In 1857, less than two years before the publication of On the Origin of Species, Richard Owen delivered a lecture about gorillas. As Europe’s preeminent zoologist / public intellectual—a Carl Sagan of the Victorian era—Owen’s opinion carried a lot of weight. And in his opinion, the brains of man and gorilla differed so greatly that the two species could not be linked by “transmutation” (evolution). In other words: humans did not descend from apes, and the brain was the anatomical bulwark that separated man from beast. It was an argument for human exceptionalism and against Darwinian evolution.
Owen was wrong, but his idea was emblematic of a larger conflict. A paradigm-shifting concept—evolution by natural selection—was meeting a profoundly hierarchical society obsessed with quantifying distinctions in race, class, gender, culture, and ability. The gorilla was right in the middle, and what followed was Victorian England’s “gorilla wars.”
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When Owen delivered his lecture, the gorilla was so novel and mysterious to Europeans as to be almost mythical. Only a decade earlier, in 1847, Owen had received a letter from a missionary in Gabon, depicting massive humanoid skulls said to come from an apelike beast known locally as njena. Based only on these drawings and descriptions, Owen declared the creature a new species of chimp, troglodytes savagei (not for its temperament: the missionary’s surname was Savage).
But he’d already been scooped: in the meantime, Savage had found some actual skulls and named the species troglodytes gorilla (eventually, gorilla gorilla). And yet by 1857, the sum total of western scientific knowledge about gorillas consisted only of a partial skeleton cobbled together from scattered bits of bone, and some mythical white-man tales of a chest-beating, man-eating, musket-destroying jungle behemoth. Before the gorilla could become the flashpoint of cultural and scientific debate, someone would have to find one.
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Even while Owen lectured, Paul du Chaillu and a crew of Fang porters were trekking through the forests of Gabon, searching for gorillas. du Chaillu was born in 1831, the son of a French merchant and a black woman from Reunion Island, a fact later crucial to his story. He lived most of his life on Gabon’s coast, his teenage years spent with a pair of American missionaries who taught him English and told him about America.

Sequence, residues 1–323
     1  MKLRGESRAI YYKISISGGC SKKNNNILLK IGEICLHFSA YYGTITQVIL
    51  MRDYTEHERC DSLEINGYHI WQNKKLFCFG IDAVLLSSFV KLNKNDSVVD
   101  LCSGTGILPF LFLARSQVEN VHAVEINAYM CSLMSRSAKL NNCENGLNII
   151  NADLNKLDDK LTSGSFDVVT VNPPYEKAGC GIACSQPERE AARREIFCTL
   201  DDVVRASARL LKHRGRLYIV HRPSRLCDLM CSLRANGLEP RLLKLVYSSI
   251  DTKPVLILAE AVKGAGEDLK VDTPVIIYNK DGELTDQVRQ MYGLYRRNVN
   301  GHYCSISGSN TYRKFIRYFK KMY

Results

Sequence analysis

In the early 1850s, du Chaillu came to the United States. He taught French and lectured on life in Africa, but what he really wanted was status—not fame, necessarily, but intellectual celebrity; access to the ivory tower and the intelligentsia, a world all but closed off to him thanks his lack of traditional academic credentials. But he’d heard of the gorilla, and reasoned that a specimen—which his childhood in Africa made him uniquely qualified to find—would establish his scientific bona fides. It took some wheedling, but in 1855 a Philadelphia ornithological society agreed to fund an expedition. They wanted birds; du Chaillu was after the gorilla.
The trip began inauspiciously. With a meager budget, du Chaillu had few supplies and no surplus goods to trade with the coastal Mpwonge people, who served as gatekeepers and emissaries for all the strange white men who came to “explore” the African interior. Here du Chaillu’s background was crucial: he’d spent time in Africa, knew some local languages and had a facility for picking up new ones, and, compared to other explorers, did not treat indigenous people as subhuman.* These traits helped him to befriend the Mpwonge enough that, despite his lack of goods to barter, they agreed to help him out.
*Claims of cannibalism are a classic way to demonize the other, and some part of the British mania for tales of exploration owed to the popular belief of Africa as a land of cannibals. du Chaillu at one point met a tribe who feared the British were cannibals—why else, they said, would the white man keep taking the biggest and strongest of their people, if not to eat them?
It took two years of travelling through largely inhospitable areas unknown to Europeans before du Chaillu and his associates even saw a gorilla. What happened when they found one is a superb example of divergent cultural priorities: the porters killed and ate it. Though a priceless specimen to du Chaillu, it was just another njena to the locals. That first sighting was portentous, though, and soon they even managed to capture a few gorillas, all of which quickly escaped or died. These encounters revealed gorillas as herbivores, not man-eaters; as shy, not aggressive. But their most conspicuous—and most unsettling—feature was what du Chaillu called their “horrid human likeness.” They seemed almost human.
A four year expedition ended in 1859. du Chaillu, with the help of his porters, traveled further into the African mainland than any European, sent back hundreds of new-to-science bird specimens to his ornithological benefactors, and amassed a collection of 20 stuffed gorillas. His dream of capturing a live gorilla went unfulfilled. And right about the time he made his way back to America, specimens in tow, On the Origin of Species was published.